It seems that not a day goes by without some new evidence of the increasing pollution of our environment and its consequences. There are indications everywhere that environmental rights (breathable air, drinkable water, fertile soil), which have been regarded as inexhaustible or renewable, are becoming scarce.

Today, with much more environmental awareness and a greater understanding of the consequences of pollution, both government and society are much less tolerant of pollution.

On a global scale, pollution is a growing threat to both human health and the environment. Commercial freight transportation, with its almost total dependence on petroleum-based fuels, contributes significantly to pollution levels. Therefore, each form of transportation, as a major energy user, needs to be evaluated both as to the scarceness and future availability of the energy resources that it uses and to its impact on the environment.

With each transport mode having its own specific energy-use and environmental characteristics, decisions on transport issues, whether short or long term, have inevitable impacts on the environment, which should be clearly weighed before a final decision is made.

Both the environment and the quality of life are receiving greater attention, resulting in a growing demand for not only an environmentally sound transportation system, but also for policies where environmental goals are given greater weight in transportation decisions.

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The concepts of relative energy efficiency, or energy intensity as it is often called, are used to measure the amount of service that results from each unit of energy expended in the process. Energy intensiveness for freight carriage is the number of BTUs required to move one ton of cargo one mile, with energy efficiency the inverse of energy intensiveness. While these concepts are useful, exact comparisons are not always possible due to varying situations. (For example, a study by the Minnesota Department of Transportation showed that, while towboats operating on the Lower Mississippi River can move as much as 1,200 freight ton-miles per gallon of fuel, further upriver, 514 ton-miles is a more representative figure). Nevertheless, these concepts provide a fairly accurate indication of different aspects of energy consumption.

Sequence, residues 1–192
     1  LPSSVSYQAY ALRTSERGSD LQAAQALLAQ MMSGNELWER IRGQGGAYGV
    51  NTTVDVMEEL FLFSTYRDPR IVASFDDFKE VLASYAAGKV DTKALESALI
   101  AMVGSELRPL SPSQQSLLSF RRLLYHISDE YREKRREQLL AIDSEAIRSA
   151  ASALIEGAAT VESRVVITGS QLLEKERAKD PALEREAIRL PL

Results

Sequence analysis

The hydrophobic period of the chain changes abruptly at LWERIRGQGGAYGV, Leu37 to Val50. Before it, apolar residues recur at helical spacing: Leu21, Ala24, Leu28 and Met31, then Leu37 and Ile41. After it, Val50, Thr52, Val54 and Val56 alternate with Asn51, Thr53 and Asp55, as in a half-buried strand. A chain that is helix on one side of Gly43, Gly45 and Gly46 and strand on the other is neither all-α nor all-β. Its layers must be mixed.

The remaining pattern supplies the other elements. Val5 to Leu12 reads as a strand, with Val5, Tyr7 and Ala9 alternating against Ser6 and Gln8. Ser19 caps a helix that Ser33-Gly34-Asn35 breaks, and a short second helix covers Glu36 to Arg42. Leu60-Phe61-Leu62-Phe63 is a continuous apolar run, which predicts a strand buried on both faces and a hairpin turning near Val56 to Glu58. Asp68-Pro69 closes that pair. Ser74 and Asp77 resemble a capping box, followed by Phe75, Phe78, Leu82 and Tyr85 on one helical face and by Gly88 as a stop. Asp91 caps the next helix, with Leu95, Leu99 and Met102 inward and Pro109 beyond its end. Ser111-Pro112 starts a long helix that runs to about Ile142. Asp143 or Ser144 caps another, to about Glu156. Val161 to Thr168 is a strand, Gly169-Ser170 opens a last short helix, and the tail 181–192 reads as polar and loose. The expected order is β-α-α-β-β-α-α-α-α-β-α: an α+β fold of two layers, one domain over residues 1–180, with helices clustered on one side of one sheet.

Energy efficiency is usually measured in one of two ways: by comparing how many miles each mode of transportation can carry a ton of freight per gallon of fuel, or by how many BTUs are expended per ton mile.

Numerous studies of fuel efficiency have been done, including some sponsored by the United States Departments of Energy and Transportation, and practically every one of these studies show similar results; viz. that shallow-draft water transportation is the most fuel efficient mode of transportation for moving bulk raw materials, is the least energy intensive method of freight transportation when moving equivalent amounts of cargo, and consumes less energy than alternative modes. Of these studies, two of the most comprehensive and informative have been done by the U.S. Congressional Budget Office (CBO) and S.E. Eastman.

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The major finding of the CBO study was that, in terms of energy efficiency for different modes of transportation, inland barges were the most efficient:


Mode   Operating Energy a/ Line-Haul Energy b/ Modal Energy c/
Rail - Overall




Unit Coal Train




Truck - Average Intercity




Barge Overall












NOTE: Net ton-miles includes weight of cargo only, excluding carrying unit(s).

a/ Propulsion energy including refinery losses.

b/ Combines operating energy with maintenance energy, vehicle manufacturing energy, and construction energy.